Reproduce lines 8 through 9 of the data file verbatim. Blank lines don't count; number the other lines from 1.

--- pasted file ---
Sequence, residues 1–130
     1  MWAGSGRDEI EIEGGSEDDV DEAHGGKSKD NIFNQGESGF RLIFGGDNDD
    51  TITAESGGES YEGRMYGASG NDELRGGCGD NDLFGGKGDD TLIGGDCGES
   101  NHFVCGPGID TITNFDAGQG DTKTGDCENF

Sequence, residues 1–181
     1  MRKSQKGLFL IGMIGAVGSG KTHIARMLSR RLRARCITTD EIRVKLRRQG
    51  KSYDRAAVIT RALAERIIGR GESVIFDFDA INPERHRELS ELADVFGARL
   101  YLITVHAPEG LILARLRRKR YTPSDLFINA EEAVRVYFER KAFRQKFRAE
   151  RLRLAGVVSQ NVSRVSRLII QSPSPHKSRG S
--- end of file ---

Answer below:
   101  YLITVHAPEG LILARLRRKR YTPSDLFINA EEAVRVYFER KAFRQKFRAE
   151  RLRLAGVVSQ NVSRVSRLII QSPSPHKSRG S